September 20, 2019
CIM Receives $2.5 Million in New Scholarship Funding from Venerable Cleveland Philanthropists Barbara Robinson and Mal & Barbara Mixon
Longtime traditions of giving to Cleveland-area nonprofit organizations by two of Cleveland’s most prominent families add to an unprecedented era of endowment fundraising at the Cleveland Institute of Music.
CIM announced on Friday, September 20, that Trustee Barbara S. Robinson, a driving force for the arts in Cleveland and nationwide, and Cleveland power couple Barbara W. and A. Malachi Mixon III, have donated a combined $2.5 million to the Institute to establish new, life-changing student scholarships.
Robinson’s gift of $1.5 million establishes the Robinson Family Presidential Scholarship, which will provide full tuition plus room, board and fees for an exceptional student.
A $1 million donation from the Mixons creates the A. Malachi Mixon III and Barbara W. Mixon Dean’s Scholarship and awards full tuition to an outstanding student.
CIM has raised nearly $13 million for scholarships in the last year, building on the momentum generated through Blueprint:100, the Institute’s bold strategy to ensure graduates of the school’s next 100 years are as bright and accomplished as those of the first 100, says CIM President and CEO Paul W. Hogle. Launched in 2017, Blueprint:100 charts the course for CIM’s second century, investing resources in tangible improvements to the student experience including such initiatives as lower tuition, a new student housing complex, renovations to existing space and raising more scholarship dollars to attract the next generation of the world’s most talented classical music students.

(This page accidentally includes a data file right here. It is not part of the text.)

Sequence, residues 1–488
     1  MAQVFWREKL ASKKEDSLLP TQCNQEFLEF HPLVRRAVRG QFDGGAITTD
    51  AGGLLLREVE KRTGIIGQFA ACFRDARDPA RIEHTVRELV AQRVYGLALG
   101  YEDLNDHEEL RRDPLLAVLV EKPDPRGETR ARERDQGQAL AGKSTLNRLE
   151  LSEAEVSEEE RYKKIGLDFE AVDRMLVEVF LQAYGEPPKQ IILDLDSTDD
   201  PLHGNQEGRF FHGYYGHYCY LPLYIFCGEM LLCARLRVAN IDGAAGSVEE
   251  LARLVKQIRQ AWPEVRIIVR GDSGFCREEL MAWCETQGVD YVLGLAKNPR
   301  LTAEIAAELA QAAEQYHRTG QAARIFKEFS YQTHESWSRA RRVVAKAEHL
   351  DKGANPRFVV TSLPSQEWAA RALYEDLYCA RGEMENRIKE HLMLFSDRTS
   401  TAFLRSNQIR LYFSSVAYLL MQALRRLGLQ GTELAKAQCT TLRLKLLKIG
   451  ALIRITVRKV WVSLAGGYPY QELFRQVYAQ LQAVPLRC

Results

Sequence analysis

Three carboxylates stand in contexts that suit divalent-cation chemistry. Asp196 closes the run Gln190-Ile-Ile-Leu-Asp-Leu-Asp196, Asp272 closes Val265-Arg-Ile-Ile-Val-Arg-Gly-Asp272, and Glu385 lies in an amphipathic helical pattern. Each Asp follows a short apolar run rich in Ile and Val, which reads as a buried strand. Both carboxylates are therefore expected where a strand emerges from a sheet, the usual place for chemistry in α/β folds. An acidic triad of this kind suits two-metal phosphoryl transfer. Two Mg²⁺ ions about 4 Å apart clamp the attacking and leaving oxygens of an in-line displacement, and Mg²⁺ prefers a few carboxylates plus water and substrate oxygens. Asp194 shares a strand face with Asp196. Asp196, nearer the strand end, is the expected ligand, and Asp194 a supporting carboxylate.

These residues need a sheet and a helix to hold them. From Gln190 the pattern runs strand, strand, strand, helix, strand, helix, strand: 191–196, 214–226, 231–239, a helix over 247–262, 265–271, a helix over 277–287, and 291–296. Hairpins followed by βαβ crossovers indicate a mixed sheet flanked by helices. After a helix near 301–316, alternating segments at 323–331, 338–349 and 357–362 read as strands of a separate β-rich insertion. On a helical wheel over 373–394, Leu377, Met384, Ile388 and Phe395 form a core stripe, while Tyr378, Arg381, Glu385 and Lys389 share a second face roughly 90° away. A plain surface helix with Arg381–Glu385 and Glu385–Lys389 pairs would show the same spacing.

With a combined lifetime giving total approaching $10 million, the Mixon and Robinson families are two of the most charitable donors in CIM history.
“Few families have left such an indelible imprint on CIM as the Robinsons and Mixons. Their extraordinary support is a tremendous vote of confidence in the work we do every day,” Hogle said. “Thanks to the dedication they have shown to us over many years, Barbara, Mal and Barbara have truly made an imprint on the next generation of classical musicians. Evidence of CIM’s remarkable trajectory can be traced directly to these three compassionate people. Their commitment and service to CIM is one of boundless energy as they have worked tirelessly to ensure our students have the resources they need to be the future of classical music.”
Robinson, who has spent most of her life on the forefront of efforts to promote and support arts and culture in Northeast Ohio and nationally, has a special connection to CIM. A pianist who once performed with the Boston Pops, Robinson studied in CIM’s preparatory division as a child and was a teacher to young prep students in her early adult years. She also has studied flute and violin. She is a graduate of Wellesley College and also the Harvard Radcliffe program in business administration.
Her work as an advocate for the arts has taken her from classrooms to the Ohio Statehouse to the hallowed halls of Congress in Washington, DC. For her dedication to the arts in Cleveland, she was celebrated in 2018 by the Cleveland Arts Prize with a new special prize named in her honor. The Barbara Robinson Prize for the Advancement of the Arts is awarded annually to an individual or organization for extraordinary commitment to advancement of the arts through leadership in public policy, legislation, arts education and community development.
In addition to CIM, Robinson serves as an officer and member of the executive committee of the Musical Arts Association, the founding and governing body of The Cleveland Orchestra. She also is an honorary trustee of the Cleveland Museum of Art and has served as a trustee for such organizations as Ohio Dance, Cleveland Children’s Museum, Maltz Museum of Jewish Heritage, The Center for Arts-Inspired Learning (formerly Young Audiences, Inc.), and Americans for the Arts. She served as chair of the Ohio Arts Council for 15 years, Arts Midwest and the National Assembly of State Arts Agencies. She is the widow of jewelry magnate Larry “J.B.” Robinson, a household name in Cleveland for many years.